Enbridge given less than a year to meet NEB conditions on Northern Gateway

Must Read

Dawson Creek RCMP detachment experiencing phone system issues

DAWSON CREEK, B.C. - Dawson Creek RCMP are reporting an issue with their phone system at the detachment. According to...

Inland opens new Fort St. John Facility at existing location

FORT ST. JOHN, B.C. - Inland is announcing the completion of their new Fort St. John facility. According to Inland, ...

Northern Health Region sees 11 new cases of COVID-19 on Friday

VICTORIA, B.C. – 11 new cases of COVID-19 were confirmed on Friday, bringing the total in the Northern Health...

VANCOUVER, B.C. — The company which already operates in Canada and the United States, the longest crude oil and liquid hydrocarbons transportation system in the world, now has less than a year to meet the conditions of its’ National Energy Board approval of the Northern Gateway Pipeline.

However, Calgary-based Enbridge says it has a plan in place to meet its NEB commitments and timetables and is satisfied with its progress to date.

The Vancouver Sun reported during the weekend the company will have more to report in the ‘next several weeks’ on the NEB commitments and filing schedule.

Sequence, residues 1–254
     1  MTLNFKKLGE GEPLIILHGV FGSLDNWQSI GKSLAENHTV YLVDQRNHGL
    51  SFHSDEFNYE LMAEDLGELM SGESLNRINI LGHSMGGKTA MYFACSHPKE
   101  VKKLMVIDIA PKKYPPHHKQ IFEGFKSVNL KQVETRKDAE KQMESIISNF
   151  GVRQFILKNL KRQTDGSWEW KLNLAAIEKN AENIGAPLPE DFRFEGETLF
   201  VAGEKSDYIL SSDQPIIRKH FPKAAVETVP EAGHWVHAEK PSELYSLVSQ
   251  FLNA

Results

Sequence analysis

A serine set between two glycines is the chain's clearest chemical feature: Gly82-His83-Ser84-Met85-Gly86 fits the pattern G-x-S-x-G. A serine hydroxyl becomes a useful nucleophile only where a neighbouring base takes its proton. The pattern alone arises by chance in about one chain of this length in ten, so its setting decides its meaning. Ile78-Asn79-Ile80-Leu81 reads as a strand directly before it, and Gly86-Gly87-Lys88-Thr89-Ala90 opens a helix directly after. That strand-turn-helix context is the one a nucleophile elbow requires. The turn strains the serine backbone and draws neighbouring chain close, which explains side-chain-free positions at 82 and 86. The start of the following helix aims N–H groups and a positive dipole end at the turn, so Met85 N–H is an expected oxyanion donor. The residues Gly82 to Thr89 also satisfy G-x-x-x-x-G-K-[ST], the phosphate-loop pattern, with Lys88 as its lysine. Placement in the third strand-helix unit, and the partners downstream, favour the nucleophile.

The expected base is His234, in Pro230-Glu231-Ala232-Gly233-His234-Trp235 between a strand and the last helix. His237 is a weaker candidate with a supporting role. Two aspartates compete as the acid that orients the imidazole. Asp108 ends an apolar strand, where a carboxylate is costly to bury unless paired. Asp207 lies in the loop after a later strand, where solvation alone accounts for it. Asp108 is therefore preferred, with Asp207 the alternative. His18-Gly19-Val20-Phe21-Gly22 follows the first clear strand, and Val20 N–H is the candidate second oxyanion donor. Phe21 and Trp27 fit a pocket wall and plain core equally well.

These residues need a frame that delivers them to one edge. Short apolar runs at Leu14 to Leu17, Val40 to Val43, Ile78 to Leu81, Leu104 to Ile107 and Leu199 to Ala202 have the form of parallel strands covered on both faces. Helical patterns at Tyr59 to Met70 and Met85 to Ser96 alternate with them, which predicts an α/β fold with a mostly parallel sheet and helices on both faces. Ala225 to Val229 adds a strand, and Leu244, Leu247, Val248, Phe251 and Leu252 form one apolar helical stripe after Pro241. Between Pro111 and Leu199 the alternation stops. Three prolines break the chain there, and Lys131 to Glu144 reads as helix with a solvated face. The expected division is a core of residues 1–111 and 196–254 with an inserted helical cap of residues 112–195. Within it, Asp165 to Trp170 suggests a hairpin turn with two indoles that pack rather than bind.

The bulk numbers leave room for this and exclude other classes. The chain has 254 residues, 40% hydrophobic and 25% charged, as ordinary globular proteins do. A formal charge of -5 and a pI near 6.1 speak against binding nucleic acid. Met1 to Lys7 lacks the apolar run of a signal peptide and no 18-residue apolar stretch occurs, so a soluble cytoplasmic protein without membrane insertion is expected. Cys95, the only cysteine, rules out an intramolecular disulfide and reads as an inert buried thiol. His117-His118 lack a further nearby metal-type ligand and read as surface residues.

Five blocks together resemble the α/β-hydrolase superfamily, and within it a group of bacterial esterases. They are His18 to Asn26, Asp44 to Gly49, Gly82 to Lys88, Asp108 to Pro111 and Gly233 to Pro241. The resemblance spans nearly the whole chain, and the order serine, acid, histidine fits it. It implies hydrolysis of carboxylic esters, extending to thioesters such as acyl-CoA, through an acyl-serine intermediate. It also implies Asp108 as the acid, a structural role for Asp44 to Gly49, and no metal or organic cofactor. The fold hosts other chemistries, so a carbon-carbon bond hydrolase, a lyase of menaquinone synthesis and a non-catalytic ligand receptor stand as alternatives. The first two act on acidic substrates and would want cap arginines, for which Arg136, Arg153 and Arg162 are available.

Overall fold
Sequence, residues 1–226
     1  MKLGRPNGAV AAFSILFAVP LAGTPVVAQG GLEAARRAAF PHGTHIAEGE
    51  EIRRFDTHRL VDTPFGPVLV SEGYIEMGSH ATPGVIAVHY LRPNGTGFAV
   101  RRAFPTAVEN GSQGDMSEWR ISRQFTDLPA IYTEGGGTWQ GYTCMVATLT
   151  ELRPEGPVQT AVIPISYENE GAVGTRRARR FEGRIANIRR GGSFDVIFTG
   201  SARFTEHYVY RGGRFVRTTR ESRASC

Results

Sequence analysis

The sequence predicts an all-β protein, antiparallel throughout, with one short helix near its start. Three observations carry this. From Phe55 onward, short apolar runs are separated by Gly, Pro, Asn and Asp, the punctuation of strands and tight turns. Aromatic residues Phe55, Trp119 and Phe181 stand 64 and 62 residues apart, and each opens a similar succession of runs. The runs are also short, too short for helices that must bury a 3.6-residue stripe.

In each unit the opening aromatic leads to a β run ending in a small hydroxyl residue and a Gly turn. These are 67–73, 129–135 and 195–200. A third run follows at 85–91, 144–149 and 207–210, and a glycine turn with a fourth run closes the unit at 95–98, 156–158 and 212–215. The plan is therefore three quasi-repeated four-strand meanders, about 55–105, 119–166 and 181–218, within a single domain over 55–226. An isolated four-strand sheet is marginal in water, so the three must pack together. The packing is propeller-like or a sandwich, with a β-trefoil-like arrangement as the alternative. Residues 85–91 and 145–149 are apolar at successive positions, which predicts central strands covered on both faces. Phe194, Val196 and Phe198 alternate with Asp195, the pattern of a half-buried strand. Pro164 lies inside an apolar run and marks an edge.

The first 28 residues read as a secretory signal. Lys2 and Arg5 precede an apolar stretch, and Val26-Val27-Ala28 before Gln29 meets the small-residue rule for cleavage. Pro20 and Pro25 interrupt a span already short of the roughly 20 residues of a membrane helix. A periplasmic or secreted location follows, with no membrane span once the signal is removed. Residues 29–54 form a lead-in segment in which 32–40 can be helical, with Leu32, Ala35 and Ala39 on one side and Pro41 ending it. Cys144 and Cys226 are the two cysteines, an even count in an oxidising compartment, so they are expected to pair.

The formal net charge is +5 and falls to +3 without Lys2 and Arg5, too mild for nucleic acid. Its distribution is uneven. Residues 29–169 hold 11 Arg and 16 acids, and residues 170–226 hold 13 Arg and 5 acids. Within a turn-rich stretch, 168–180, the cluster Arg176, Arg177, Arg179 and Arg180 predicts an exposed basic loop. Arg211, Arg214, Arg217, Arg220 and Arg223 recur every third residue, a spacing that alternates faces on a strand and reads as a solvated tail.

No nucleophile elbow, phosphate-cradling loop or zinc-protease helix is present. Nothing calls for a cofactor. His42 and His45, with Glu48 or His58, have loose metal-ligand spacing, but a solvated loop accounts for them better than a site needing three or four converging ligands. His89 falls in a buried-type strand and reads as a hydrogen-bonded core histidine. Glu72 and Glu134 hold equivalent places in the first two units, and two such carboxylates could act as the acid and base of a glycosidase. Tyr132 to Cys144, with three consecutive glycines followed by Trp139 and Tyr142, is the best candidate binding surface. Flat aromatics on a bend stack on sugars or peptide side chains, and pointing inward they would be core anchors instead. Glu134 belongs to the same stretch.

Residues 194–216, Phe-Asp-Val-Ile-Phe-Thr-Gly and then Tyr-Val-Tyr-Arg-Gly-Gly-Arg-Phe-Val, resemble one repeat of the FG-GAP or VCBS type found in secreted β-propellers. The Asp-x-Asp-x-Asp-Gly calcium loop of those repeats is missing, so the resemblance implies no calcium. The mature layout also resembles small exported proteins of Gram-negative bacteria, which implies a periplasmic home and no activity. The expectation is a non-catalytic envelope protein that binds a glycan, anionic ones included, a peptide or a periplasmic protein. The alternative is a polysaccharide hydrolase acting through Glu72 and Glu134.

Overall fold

- Advertisement -

Recall the board set 209 conditions for the $7.9 billion project to meet and among other things its approval expires if construction doesn’t begin before the end of this year.

In addition, six months prior to the start of construction, the company must have signed oil producer commitments, making up at least 60 percent of line capacity, to ship crude on the pipeline.

The Sun story says the Victoria based non-profit environmental activist group Dogwood Initiative — a leading project opponent — claims the company has failed to sign shipment agreements with producers.

It quotes Kai Nagata with the Dogwood Initiative as saying there are nineteen lawsuits against the project and the new federal government is drawing up legislation to ban oil tankers on the North Coast.  He adds, “No oil producer is going to stick its neck out and pay for shipping capacity on a pipeline that will never be built.”

Still, Enbridge has remained determined to move forward with the project despite the Trudeau government’s commitment last November to enact a loosely worded moratorium, on oil tanker traffic in northwest BC.

Although never put into law, it was first introduced in 1972, by the countries first Trudeau government, and it left open to political interpretation whether or not an oil tanker traffic ban actually exists on the BC north coast.

The 730 mile pipeline would run from Northeast of Edmonton to Kitimat, and would include terminals to load and unload oil and condensate tankers.

Advertisement


- Advertisement -

Community Interviews with Moose FM


Subscribe to our newsletter

Get the latest news delivered to your mailbox every morning.

More Articles Like This